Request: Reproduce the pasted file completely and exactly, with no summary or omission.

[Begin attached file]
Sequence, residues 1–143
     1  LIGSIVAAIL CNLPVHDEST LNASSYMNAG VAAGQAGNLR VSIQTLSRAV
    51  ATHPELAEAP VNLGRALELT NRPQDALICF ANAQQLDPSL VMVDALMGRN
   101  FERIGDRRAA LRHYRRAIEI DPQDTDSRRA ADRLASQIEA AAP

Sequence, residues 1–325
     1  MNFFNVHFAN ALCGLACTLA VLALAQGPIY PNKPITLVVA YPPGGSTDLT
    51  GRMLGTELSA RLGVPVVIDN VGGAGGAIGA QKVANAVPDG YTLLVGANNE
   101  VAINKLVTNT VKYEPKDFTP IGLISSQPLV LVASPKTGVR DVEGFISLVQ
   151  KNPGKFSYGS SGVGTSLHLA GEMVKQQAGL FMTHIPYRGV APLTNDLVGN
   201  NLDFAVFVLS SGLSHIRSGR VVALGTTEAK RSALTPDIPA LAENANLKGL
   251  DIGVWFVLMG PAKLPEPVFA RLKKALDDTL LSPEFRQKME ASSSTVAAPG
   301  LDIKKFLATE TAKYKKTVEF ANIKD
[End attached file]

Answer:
Sequence, residues 1–143
     1  LIGSIVAAIL CNLPVHDEST LNASSYMNAG VAAGQAGNLR VSIQTLSRAV
    51  ATHPELAEAP VNLGRALELT NRPQDALICF ANAQQLDPSL VMVDALMGRN
   101  FERIGDRRAA LRHYRRAIEI DPQDTDSRRA ADRLASQIEA AAP

Sequence, residues 1–325
     1  MNFFNVHFAN ALCGLACTLA VLALAQGPIY PNKPITLVVA YPPGGSTDLT
    51  GRMLGTELSA RLGVPVVIDN VGGAGGAIGA QKVANAVPDG YTLLVGANNE
   101  VAINKLVTNT VKYEPKDFTP IGLISSQPLV LVASPKTGVR DVEGFISLVQ
   151  KNPGKFSYGS SGVGTSLHLA GEMVKQQAGL FMTHIPYRGV APLTNDLVGN
   201  NLDFAVFVLS SGLSHIRSGR VVALGTTEAK RSALTPDIPA LAENANLKGL
   251  DIGVWFVLMG PAKLPEPVFA RLKKALDDTL LSPEFRQKME ASSSTVAAPG
   301  LDIKKFLATE TAKYKKTVEF ANIKD